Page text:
Andreas Antonopoulos, Bitcoin, Blockchain Technology, Crypto-Currency, Due Diligence, Ethereum, Exit Scams, ICO, Initial Coin Offering, Investment Banking, Jeffrey Tucker, Listing Requirements, Risk Preference, SEC, Self-Governance, Venture Capital
It’s possible for relatively small ventures to raise significant sums of capital without meeting onerous government filing requirements or venture capitalist demands and controls. This is enabled by a sort of hybrid between an initial public stock offering (IPO) and the issuance of private crypto-currency (like Bitcoin). It’s called an initial coin offering (ICO), and it is growing in importance as a funding source, primarily (but not exclusively) for applications leveraging blockchain technology. ICOs themselves are enabled by blockchain, through which a system of virtual, shared accounts is maintained in the cloud, essentially a ledger of who owns (and owes) what claims on whom (and to whom). Like stock or a venture capital investment, its value is tied to the success of the venture or project:
“When a cryptocurrency startup firm wants to raise money through an [ICO], it usually creates a plan on a white paper which states what the project is about, what need(s) the project will fulfill upon completion, how much money is needed to undertake the venture, how much of the virtual tokens the pioneers of the project will keep for themselves, what type of money is accepted, and how long the ICO campaign will run for. During the ICO campaign, enthusiasts and supporters of the firm’s initiative buy some of the distributed cryptocoins with fiat or virtual currency. These coins are referred to as tokens and are similar to shares of a company sold to investors in an Initial Public Offering (IPO) transaction.“
Scanning though a list of ICOs or “token sales” just might make your eyes glaze over. The descriptions of some of the ventures sound impossibly intangible (or ethereal… a major blockchain application platform is called Ethereum). A few relatively accessible examples: augmented reality platforms; crypto-payment mechanisms; gaming community services; software platforms for dentists and “gig” economy providers; “tokenized” real estate investment; and peer-to-peer property rental.
Crypto-currencies like Bitcoin are viewed as highly speculative by many investors; likewise, ICO tokens are very risky. In fact, the ICO “space” has been fertile ground for fraudulent activity, pyramid schemes, and “exit scams”. Investor due diligence is often no better than guesswork, unless there is already an established product or service related to the project. The last link quotes a Bitcoin expert name Andreas Antonopoulos:
“The best way to learn which ICOs are worth it is to lose money. Waiting for the wash-out. When these people promise great riches, they usually mean for themselves. If you have a viable product… build it first and they will come. I do not treat these technologies as investments but learning opportunities.“
Very comforting! Some guidance and a framework for ICO due diligence are offered here and here, respectively. More guidance is here. And here is an actual due diligence report on an ICO. Suffice it to say that ICOs are not a perfect match for my risk-return preferences!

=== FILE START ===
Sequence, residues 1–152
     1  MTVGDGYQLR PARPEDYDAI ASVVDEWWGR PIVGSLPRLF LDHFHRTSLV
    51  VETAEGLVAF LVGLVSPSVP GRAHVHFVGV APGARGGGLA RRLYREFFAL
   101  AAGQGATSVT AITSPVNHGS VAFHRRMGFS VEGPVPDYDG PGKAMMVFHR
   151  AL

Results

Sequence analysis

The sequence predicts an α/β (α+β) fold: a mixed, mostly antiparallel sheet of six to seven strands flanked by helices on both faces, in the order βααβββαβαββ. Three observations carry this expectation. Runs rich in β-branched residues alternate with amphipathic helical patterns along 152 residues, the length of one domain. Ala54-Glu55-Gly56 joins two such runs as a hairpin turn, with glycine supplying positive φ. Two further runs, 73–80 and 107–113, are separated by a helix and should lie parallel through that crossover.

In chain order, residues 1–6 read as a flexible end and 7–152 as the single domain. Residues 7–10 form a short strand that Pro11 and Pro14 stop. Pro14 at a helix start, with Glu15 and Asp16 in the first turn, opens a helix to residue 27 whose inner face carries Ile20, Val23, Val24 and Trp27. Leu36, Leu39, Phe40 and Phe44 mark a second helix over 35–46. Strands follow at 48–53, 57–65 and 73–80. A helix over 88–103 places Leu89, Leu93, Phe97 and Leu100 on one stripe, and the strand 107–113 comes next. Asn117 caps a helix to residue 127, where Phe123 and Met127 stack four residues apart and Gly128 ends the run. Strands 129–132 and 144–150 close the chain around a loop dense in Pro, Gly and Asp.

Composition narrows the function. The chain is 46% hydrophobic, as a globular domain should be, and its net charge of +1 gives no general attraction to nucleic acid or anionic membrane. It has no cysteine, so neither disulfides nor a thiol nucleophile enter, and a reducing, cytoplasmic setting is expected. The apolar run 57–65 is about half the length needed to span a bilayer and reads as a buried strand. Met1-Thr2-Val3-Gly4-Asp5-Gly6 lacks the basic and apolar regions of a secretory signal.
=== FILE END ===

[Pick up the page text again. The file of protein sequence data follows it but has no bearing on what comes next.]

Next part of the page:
Nevertheless, there is a lot to like about ICOs. Jeffrey Tucker writes enthusiastically about their disruptive and innovative nature. The heavily regulated world of investment banking tends to deny smaller firms access to capital, and venture capitalists have their own, frequently costly demands on start-ups. ICOs open a new, low-cost channel through which funds can be raised from investors with a greater appetite for risk. Here is Tucker:
“Why is this strategy for raising money for new ventures working so well? There is the most obvious consideration of low barriers to entry. Anyone can float them and anyone can buy them–from and to anyone in the world regardless of geography. There is a larger pool of investors that can bypass the impossiblycostly and complex national regulatory machines that have gummed up capital-raising methods in conventional finance.
It has been a long time since the financial markets have been free. That the market is mostly deregulated and decentralized, and thereby more active and effective, is itself interesting. No sector is more replete with the myths of ‘consumer protection’ than this one. …
And the solution is absolutely ingenious. It relies on decentralized markets that live on the Internet, combined with the invention of new tokens that have all the qualities of traditional money, depending entirely on supply and demand for their value, and also serve as asset titles to the protocol of the company itself.“
Unfortunately, governments and large private players do not always wish to promote decentralized markets. Quite the contrary, and in the case of ICOs, governments and regulators are already “chomping at the bit”, so to speak, to impose regulation. Warnings of ICO risks have been formally issued by the SEC, and China has placed a freeze on ICO activity pending inspections of exchanges, reports and the likely issuance of regulatory measures. Given this scrutiny, Tucker might be a bit too optimistic about the ongoing development of the ICO market. It will depend in large part on the success of efforts by participants at self-governance. That’s something financial markets have traditionally done well, despite shrill claims to the contrary. Let the investor beware!
ICOs will tend to encourage the development of competitive forces in the broader economy. And while investment banks might view the funding objectives of many ICOs as table scraps, ICOs will create more competition for those banks if the volume and breadth of “coin” funding continues to grow. ICO’s won’t find their way into my portfolio any time soon, but they show great promise as an economic development.